If there is an underlying message from this conference, it comes in two parts. One is that credit unions can either complain about this set of facts or respond to it, but it isn’t going away. Big banks have already spent hundreds of millions of dollars on advanced data analytics. We don’t have to play in that league to survive, but we do have to play. The second is that our chances are much better if we find ways of working together.
This was also the theme of First Tech’s recent Data Analytics Summit in Silicon Valley. It was a different kind of affair, with minimal vendor presence and a couple hundred credit union IT and business intelligence professionals talking about the challenges they all have in common: how to win executive buy-in, capture and best employ an adequate budget, create standards, learn from one another, and achieve scale.
In a world where data analytics is already a difference-maker, and where credit unions uniquely have the freedom and experience to work together effectively, these should be straightforward, achievable objectives, non-trivial but attainable. They are not. That’s why it’s time for a new model of collaboration — bigger in scale, broader in scope, and less parochial in scheme.
Scale matters in data analytics. The more data you have, the more effective advanced data analytics is at teasing out the kinds of insights and intelligence that move the needle. The entire American credit union movement — combined — is smaller than any one of the four largest banks in the country. The only way for us to compete effectively is to be smarter, more willing to think outside the box, and more willing to work together.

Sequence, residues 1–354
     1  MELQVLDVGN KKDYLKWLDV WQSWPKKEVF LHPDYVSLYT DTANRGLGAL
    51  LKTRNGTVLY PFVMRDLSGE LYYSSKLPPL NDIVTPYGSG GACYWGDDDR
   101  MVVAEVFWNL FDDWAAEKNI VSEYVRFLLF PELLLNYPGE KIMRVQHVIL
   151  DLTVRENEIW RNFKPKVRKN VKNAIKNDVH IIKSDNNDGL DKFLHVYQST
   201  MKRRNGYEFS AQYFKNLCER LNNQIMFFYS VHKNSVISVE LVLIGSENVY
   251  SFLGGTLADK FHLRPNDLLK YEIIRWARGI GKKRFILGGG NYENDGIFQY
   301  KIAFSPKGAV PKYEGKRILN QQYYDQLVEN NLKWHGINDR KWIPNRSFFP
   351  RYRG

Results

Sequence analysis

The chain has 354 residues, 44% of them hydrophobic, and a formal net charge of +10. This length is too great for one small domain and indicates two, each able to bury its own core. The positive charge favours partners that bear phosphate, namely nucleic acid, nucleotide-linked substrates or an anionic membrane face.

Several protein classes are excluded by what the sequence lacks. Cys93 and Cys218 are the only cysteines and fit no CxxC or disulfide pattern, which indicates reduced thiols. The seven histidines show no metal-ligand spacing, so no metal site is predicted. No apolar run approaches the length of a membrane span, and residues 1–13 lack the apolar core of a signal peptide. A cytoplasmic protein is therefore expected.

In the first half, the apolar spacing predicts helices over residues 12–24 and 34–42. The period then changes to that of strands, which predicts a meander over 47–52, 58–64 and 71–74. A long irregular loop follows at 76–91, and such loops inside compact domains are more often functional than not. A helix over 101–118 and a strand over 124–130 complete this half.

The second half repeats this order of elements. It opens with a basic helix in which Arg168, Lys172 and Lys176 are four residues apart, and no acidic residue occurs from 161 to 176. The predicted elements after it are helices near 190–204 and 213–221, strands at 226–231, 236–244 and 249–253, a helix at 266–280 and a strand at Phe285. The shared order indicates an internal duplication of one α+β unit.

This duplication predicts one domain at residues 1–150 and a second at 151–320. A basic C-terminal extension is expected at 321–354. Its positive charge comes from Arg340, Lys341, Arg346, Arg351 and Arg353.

From the Callahan perspective, that means every credit union needs its own data to be clean, interoperable, and freely accessible, but that’s just the starting point. It also means transparent data standards to facilitate data aggregation on a massive scale across the industry, standards that are universally embraced and forced upon even the most parochial and self-interested of vendors. It means open platforms to foster the network effect among data scientists and entrepreneurs whose skill and knowledge will be central to the whole endeavor.
Of course expenses matter as well, but this isn’t about saving money. Credit union analytics budgets are going up whether there is collaboration or not. It’s not a matter of how much we spend, but of what we get for it, and there, too, scale and collaboration promise tremendous dividends.
Since holding their Summit in February, First Tech’s analytics team hasn’t slowed down their efforts to drive collaboration. They’ve held webinars and fostered ongoing network development with any credit union data professional who is ready to engage. Their plans are ambitious, if still evolving, and I expect more to come in the near future.
In the meantime, there is already more coming from the folks in Minneapolis. Their third annual conclave, renamed the Analytics and Financial Innovation (AXFI) Conference, is happening the last week of June. I’ll be there. Whether you are or not, you should pay attention to what comes out of it — it’s going to matter.